23 November 2016, Lagos – The Organisation of Petroleum Exporting Countries (OPEC) is on course to finalise the details of the Algiers accord to cut oil production at a meeting in Vienna on said a delegate from Nigeria.
“There is certainty that everybody is on board. Everyone knows that the stakes are high,”Ibrahim Waya told reporters on his way into a meeting at the secretariat of OPEC.
Oil traders and analysts have grown more confident this week that OPEC will reach a deal to curb global oversupply. After a first day of talks in the Austrian capital on Monday — a warm-up for a ministerial meeting next week — Libyan OPEC Governor Mohamed Oun said the discussions went well. Oil has risen 6.9 per cent in New York this week, the biggest two-day gain since September.
OPEC proposed in September limiting output to a collective 32.5 million to 33 million barrels a day, which would be its first cut in eight years. The group’s own estimates show production at 33.6 million barrels a day last month.
The main hurdles to finalising the Algiers accord have been demands from some members for exemptions from cuts. Iran has sought special treatment since it is newly free of international sanctions, while Iraq has contested OPEC’s production estimates that would form the basis for the accord. This week’s meeting in Vienna, alongside intensive diplomacy among member states, is aimed at resolving those differences.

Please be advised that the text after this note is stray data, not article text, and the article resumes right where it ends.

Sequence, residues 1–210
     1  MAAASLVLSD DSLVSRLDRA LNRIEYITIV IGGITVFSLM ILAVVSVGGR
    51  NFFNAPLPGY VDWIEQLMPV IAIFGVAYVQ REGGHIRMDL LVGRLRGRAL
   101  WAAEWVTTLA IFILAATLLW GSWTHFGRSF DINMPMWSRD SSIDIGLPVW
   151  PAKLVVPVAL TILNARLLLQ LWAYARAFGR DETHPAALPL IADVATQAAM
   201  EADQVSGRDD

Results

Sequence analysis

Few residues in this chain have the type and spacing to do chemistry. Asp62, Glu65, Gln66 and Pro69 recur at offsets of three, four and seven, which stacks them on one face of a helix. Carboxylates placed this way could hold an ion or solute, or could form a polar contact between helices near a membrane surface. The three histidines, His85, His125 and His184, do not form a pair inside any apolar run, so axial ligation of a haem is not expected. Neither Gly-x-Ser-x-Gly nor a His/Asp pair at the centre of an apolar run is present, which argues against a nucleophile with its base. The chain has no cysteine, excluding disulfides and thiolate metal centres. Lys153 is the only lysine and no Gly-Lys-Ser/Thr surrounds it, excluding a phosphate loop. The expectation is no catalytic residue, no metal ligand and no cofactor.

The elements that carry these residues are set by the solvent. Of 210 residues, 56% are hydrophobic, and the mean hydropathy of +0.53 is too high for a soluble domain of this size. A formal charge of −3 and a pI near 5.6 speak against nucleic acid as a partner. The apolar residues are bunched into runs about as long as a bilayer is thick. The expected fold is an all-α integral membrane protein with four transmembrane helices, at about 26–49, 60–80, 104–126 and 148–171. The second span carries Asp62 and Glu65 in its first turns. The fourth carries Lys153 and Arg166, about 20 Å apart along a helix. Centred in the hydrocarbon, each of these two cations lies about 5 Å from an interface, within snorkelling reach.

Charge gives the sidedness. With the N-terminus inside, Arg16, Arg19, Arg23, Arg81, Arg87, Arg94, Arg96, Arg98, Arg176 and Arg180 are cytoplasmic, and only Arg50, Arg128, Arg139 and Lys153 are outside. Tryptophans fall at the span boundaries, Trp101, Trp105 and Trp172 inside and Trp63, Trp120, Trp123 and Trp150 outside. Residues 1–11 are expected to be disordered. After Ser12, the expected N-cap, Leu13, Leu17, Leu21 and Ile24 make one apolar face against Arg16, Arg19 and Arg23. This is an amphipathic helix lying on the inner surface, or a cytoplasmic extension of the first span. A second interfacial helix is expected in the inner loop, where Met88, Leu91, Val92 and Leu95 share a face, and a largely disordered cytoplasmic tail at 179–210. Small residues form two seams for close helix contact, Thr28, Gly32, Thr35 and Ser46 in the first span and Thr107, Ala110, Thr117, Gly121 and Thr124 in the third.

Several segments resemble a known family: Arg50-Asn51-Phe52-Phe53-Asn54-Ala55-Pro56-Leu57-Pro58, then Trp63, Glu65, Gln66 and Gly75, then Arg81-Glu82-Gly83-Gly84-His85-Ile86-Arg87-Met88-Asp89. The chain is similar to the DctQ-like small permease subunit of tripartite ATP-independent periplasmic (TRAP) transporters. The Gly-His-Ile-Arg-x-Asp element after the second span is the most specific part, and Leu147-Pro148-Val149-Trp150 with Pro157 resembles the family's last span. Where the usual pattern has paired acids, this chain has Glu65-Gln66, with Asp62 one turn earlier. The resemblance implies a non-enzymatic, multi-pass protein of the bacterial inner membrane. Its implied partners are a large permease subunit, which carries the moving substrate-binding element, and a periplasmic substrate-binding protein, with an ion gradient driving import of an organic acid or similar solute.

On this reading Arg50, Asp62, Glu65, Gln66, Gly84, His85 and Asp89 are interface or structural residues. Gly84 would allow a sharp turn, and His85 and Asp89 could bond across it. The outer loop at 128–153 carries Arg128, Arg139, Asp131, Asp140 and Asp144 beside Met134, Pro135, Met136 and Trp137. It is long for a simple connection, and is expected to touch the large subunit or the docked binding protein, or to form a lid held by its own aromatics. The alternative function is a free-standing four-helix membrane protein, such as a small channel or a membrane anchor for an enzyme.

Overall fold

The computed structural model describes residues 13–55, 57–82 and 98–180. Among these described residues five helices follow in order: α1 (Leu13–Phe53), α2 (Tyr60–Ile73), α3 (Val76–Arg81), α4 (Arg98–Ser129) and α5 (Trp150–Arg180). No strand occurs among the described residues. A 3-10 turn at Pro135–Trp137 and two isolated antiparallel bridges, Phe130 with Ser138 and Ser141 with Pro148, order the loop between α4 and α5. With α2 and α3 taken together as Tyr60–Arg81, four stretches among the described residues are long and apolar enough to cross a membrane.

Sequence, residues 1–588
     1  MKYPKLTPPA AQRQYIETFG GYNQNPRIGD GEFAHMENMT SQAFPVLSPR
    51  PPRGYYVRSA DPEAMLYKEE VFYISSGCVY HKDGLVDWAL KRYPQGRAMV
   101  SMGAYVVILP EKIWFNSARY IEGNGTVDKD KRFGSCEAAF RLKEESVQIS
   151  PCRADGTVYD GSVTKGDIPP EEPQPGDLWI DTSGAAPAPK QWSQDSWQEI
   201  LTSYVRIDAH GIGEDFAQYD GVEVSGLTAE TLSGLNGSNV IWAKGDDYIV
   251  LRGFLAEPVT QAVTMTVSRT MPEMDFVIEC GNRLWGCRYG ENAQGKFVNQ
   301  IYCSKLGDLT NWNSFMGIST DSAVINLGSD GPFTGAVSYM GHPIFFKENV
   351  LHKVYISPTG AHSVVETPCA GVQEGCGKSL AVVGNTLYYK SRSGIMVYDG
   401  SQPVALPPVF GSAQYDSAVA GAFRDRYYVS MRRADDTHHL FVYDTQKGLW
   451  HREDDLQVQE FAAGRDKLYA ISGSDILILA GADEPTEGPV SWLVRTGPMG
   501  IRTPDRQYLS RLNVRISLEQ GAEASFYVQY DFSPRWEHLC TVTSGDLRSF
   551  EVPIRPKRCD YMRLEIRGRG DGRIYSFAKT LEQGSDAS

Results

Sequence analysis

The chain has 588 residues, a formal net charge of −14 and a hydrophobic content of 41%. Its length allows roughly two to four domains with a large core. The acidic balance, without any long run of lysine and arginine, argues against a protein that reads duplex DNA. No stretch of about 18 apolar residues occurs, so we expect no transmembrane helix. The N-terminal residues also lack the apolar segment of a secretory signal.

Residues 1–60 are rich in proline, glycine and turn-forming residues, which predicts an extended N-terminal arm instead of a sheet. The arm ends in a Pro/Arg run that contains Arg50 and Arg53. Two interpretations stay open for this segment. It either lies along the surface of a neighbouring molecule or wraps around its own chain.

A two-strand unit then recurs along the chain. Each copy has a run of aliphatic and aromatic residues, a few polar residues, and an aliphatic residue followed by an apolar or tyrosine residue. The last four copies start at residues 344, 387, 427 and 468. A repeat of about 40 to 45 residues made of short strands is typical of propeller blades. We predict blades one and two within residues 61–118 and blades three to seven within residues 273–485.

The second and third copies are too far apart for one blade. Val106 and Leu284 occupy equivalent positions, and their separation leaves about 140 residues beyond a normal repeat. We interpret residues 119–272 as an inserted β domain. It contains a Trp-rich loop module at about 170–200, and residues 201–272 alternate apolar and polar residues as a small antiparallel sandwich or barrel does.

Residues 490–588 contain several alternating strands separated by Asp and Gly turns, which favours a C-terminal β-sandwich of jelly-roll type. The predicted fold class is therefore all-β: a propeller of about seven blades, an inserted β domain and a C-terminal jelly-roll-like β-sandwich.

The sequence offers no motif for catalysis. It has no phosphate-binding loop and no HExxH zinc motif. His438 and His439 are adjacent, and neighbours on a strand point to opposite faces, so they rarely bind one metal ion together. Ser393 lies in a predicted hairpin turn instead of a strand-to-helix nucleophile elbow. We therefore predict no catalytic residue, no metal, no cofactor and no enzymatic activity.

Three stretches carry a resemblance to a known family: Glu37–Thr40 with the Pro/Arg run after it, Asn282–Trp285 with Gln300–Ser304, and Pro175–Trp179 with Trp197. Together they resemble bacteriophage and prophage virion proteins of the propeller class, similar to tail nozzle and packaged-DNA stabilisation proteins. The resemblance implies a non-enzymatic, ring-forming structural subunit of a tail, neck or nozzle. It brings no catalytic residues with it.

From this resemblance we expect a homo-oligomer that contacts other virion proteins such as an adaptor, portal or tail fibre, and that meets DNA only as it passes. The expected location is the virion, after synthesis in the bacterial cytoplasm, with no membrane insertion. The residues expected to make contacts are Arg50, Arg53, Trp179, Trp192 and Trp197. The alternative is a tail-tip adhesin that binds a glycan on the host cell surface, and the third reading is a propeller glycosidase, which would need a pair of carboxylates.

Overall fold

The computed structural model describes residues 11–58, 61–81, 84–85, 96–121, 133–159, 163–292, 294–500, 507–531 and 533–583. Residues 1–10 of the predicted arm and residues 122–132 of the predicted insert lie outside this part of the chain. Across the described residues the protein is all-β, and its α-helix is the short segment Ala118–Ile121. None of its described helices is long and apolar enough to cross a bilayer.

“The rise in prices since the end of last week can be explained by the growing expectation that OPEC will agree on production cuts at its meeting next week,” Commerzbank AG said in a note. “It looks as if Saudi Arabia and its allied Gulf neighbors will reduce production on their own, though only on condition that the other OPEC states do not step up their output.”
West Texas Intermediate crude rose as much as two per cent to $49.20 a barrel.
“The Algerian plan is the only plan that has been on the cards,” Waya said. It would be a six-month agreement to take effect in January, he added.
The original proposal discussed in the Algerian capital was for every member, with the exception of Libya, Nigeria and Iran, to reduce their output by 1.6 percent from the average January-to-August level, according to a document seen by Bloomberg. That would take group production to 32.4 million barrels a day, with Saudi Arabia cutting by 442,000 barrels a day and Iraq trimming 135,000 compared with August levels.
OPEC has spent the almost two months since the Algiers meeting trying to work out how to share out supply curbs. Iraq has since sought an exemption from making cuts, arguing that its fight against Islamic State justifies special treatment. Iraq will make “new proposals” to help reach an agreement, Oil Minister Jabbar al-Luaibi said in an e-mailed statement Nov. 21.
Non-OPEC nations including Russia, the world’s largest energy exporter, will meet with OPEC members in Vienna on Nov. 28 to discuss cooperation on oil-supply curbs. Energy Minister Alexander Novak has repeatedly said Russia would prefer to freeze output at current record levels than make cuts.
“You had President Putin clearly speaking yesterday about this agreement to freeze,” Waya said. “He calls it freeze which is the language that everybody will be interested in.”